“Yeah…How does this work, exactly?” Jordan queried, nervous again. There were lights in her mind, informing her the upload had begun. “I mean, obviously everyone who follows me knows I’m here. How do I keep from sharing what I’m working on?”

“Your secret will remain at the highest privacy setting until it expires at the end of the month. The file uses a unique algorithm that tags recurrent imagery, syntax, and word clusters while the program is in use. These go into a cache for your review before transfer to the intersystem. You can keep your entire cache off-feed if you so choose.”

“So, no sharing.”

“Not if you don’t wish it, no. Even if you share a cached item with a follower, the item remains tagged secret and within the power of your follower to upload to the feed or remain a shared secret between the two of you. At any point in the life of your secret, of course, you may choose to permanently delete any cached items you wish.”

“Wow,” said Jordan.

“You see?” The saleswoman laughed. “You’re exhilarated already!”

“I am,” said Jordan. “But also…I mean, if no one can follow my secret…well, what will happen if things get out of hand?” She felt silly saying the words out loud, but she had to ask. It’d be stupid not to.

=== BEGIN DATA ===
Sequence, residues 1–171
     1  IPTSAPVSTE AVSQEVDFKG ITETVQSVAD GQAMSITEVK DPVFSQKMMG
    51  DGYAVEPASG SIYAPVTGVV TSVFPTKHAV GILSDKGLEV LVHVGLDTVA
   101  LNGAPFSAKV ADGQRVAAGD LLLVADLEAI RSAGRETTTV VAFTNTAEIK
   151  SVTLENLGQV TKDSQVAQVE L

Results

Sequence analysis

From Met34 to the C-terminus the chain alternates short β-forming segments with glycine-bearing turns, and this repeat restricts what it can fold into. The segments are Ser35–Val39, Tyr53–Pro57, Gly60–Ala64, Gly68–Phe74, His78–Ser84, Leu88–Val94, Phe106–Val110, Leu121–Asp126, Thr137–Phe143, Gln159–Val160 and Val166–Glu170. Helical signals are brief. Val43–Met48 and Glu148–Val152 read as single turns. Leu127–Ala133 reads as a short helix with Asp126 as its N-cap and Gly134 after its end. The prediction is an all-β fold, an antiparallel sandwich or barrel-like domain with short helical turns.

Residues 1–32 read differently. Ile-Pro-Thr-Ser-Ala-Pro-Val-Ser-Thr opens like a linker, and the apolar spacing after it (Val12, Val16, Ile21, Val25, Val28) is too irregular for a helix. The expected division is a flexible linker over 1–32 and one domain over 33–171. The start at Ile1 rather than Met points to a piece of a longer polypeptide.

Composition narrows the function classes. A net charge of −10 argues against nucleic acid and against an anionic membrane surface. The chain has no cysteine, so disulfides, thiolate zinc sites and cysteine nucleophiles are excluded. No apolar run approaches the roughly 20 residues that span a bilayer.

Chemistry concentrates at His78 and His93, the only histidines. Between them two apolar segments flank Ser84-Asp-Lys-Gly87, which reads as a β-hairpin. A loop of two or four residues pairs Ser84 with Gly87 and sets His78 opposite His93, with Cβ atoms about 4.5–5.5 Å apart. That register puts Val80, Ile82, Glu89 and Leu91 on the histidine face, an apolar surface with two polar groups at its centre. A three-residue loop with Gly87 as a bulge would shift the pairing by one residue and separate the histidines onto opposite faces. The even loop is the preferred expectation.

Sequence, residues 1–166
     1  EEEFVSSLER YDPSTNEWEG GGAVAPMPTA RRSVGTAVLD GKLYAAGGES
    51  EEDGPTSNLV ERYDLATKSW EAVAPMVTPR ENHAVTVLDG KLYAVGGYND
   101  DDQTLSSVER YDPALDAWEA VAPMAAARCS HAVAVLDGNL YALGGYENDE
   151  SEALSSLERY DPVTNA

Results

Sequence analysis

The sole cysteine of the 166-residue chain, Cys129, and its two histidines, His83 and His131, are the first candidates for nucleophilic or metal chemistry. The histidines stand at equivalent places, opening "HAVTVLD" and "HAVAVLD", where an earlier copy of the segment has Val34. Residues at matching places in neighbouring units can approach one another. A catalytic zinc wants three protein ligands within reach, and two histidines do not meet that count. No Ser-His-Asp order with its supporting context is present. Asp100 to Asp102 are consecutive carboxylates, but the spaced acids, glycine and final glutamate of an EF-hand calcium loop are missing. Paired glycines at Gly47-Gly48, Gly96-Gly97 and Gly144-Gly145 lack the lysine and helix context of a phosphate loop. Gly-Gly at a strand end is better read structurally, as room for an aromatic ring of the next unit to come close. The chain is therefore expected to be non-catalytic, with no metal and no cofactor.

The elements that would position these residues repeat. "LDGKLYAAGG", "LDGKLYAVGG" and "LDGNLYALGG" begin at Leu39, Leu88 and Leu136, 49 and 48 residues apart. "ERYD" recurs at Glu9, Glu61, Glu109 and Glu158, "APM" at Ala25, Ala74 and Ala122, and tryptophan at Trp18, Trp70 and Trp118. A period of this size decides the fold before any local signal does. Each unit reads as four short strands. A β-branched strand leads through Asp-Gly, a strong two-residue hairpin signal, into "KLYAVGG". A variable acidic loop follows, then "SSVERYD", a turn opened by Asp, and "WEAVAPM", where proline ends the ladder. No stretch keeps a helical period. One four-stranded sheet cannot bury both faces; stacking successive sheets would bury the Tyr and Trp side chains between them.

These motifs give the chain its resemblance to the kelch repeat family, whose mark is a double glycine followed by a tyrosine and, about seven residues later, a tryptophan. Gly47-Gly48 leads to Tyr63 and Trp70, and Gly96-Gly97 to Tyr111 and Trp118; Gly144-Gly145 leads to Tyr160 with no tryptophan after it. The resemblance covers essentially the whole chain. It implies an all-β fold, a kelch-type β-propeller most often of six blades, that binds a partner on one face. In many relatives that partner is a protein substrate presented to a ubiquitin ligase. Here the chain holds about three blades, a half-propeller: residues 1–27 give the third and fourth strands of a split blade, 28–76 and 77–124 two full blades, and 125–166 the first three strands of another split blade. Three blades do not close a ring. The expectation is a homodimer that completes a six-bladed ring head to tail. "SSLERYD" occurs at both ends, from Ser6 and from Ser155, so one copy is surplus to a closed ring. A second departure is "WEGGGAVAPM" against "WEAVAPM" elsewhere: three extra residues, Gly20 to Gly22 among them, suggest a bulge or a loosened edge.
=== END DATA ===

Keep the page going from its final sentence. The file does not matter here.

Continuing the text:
The saleswoman gave a satisfied chuckle. “This is why we only offer programs with intensity-control to first-timers. Should you experience intense negative emotion at any point – intense being considered decibel 4 or higher – your secret automatically expires.”

“What happens when it expires?”

“Simply that everything in your secret cache will automatically upload itself to feed. You can purchase an upgrade 36 hours from now, if you wish, and extend your package up to seven months.”

A ringing in her mind informed her the upload was complete. Ignoring the sixty other messages she’d received over the past day-and-a-half, she took a breath, and opened her secret. A brilliant blank wall loomed up in her imagination, ready and waiting to hold her lone ideas.